Well, come in, lad.
We we heard about the accident.
Me mother's sent me with a few bits and pieces.
She said she'd like the blanket back, eventually me mother, if You know, when When you're done with it.
You been in the wars? [chuckles softly.]
Oh, I brought this as well.
I make 'em.
This one's called Jerry Greenwood.
He's 19 years old, and he's an infantryman in the Duke of York's.
He's a very brave fellow, but something of a rebel, and a rascal.
He's been shot twice, nearly drowned once, and once, he was whipped.
But he always comes up smelling of roses.
He can read and write too.
He's very clever.
Thought you might like him.
Then you can tell me what he's been up to.
What do we say? Thank you.
He's not spoken since it happened.
Tell your mother thank you, um Uh, it's Thomas.
Uh, if you need a hand with the farm, Mr.
Hardcastle, I-I can give you a few hours.
Well, it'll have to be after rent day, if that's all right Me father will expect me full on at home till then.
Aye, thanks, lad.
[jaunty music.]
[music playing.]
Briggs told me I was missing a trick not leasing out the coal beds.
You don't want to get involved in all that.
Why? Why? Why not? Why don't I? Nasty business, coal.
[music playing.]
Good morning.
Morning, Howarth.
Morning! How are you? Morning.
Hi, Naylor.
Good morning.
Carry on.
Good morning.
Morning, how do? Are you Hardcastle? That's right.
Sorry to hear about your son.
How is he? So-so, ma'am.
I'll drop in, take a look at him when I can.
Do we know any more about the fool driving the gig? No, ma'am.
He should be horsewhipped.
I'd do it.
Mallinson, do you have a table for me? You're right over there, ma'am.
What I'm saying is I understand what you're saying.
The state of the roofs last, um last January, I agreed a price of £48 with Captain Lister that we both felt was nearer the mark.
But the rent isn't negotiable, Sowden, so if last January, you managed to browbeat my father Browbeat? Into agreeing a lower price, then you've only managed to fool yourself into believing that that's acceptable, because it isn't.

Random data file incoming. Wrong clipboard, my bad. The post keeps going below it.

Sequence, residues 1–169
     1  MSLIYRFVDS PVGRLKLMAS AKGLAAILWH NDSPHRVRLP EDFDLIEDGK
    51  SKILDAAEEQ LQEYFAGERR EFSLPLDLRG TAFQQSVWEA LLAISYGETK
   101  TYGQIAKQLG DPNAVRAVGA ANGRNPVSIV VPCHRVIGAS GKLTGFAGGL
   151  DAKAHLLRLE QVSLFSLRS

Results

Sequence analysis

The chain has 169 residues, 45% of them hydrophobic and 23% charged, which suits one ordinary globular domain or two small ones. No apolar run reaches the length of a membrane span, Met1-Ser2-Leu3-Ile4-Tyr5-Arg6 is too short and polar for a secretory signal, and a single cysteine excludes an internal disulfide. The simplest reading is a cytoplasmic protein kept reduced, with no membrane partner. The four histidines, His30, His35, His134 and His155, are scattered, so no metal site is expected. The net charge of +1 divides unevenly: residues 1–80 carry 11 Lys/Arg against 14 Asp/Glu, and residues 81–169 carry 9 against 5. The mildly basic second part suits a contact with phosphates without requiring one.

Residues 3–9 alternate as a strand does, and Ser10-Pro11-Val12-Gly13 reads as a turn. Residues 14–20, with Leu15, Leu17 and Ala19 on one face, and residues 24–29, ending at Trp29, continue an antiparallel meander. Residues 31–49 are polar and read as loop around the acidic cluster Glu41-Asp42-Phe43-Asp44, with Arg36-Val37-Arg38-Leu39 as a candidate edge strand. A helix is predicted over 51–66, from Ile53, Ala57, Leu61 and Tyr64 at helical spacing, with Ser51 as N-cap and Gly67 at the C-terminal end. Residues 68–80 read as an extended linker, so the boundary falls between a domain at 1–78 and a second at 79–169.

Yeah, but until those roofs are fixed And why aren't they fixed? If this was a problem in January, why do the roofs remain unfixed? It's your responsibility.
It's in your lease that you are responsible for the maintenance of the building, and, presumably, Captain Lister only agreed to a lower price on a temporary footing in January so that you can spend the remaining £2 on repairs to the roofs, as our contribution to the costs.
That wasn't my understanding of the agreement.
I'll come and look at your roofs myself tomorrow.
We can agree what needs doing then, but in the meantime, the rent, as per the lease, is £50.
Just hang on My rents, Sowden, are calculated fairly, and meticulously fairly at that.
They're not arrived at randomly.
No one is expected to pay more than is fair, just as I wouldn't expect to take more than is fair.
Now, if you want to be treated fairly, you will treat me fairly and you will respect the terms of your lease.
There's no shortage of good men looking for land and property to rent and who will be perfectly prepared to work both to full advantage without all of this nonsense.
The choice is yours.
Either way works for me.
I've only got £48 on me.
Then you owe me 2, plus the arrears from January, which, if it is used to mend the roofs, if that was the agreement, I won't collect, but I will expect to see the repairs done to my satisfaction within an agreed time limit, all of which I will discuss with you and your family tomorrow morning, when I visit you first thing.
There'll come a time when tenants throw landlords off land.
You know that, don't you? [dark string music.]
[music playing.]
Well, then, Sowden When the time comes, us landlords must make sure we give as good as we get.
[music playing.]
[music playing.]
Thank you, ma'am, and sorry.
[music playing.]
Bottomley? [music playing.]
[exhales deeply.]
I'm not going to renew your lease.
You're sitting on good land that a younger man with a family could really improve.
[music playing.]
[knocking on door.]
[music playing.]
Washington? Mr.
Is Miss Lister in? She's asked to see me.
[music playing.]
Three of my better tenants all separately mentioned your name today when I was collecting my rents.
Of course, it's delicate.
Briggs is still with us.
Oh, discretion is my middle n Actually, it's George.
My middle Not that you need to know that.
Where do you live? Crow Nest, ma'am.
The Walkers' estate.
I look after it for Miss Walker and her sister, Mrs.
Sutherland, who's She's in Scotland.
Yes, Miss Walker.
I know.
I have a house in the grounds with my wife and six daughters.
Six? Good Lord.
Well done.
Yes, they're a They're a handful, but they're a delight, bless them.
You see, I don't intend to be here very long.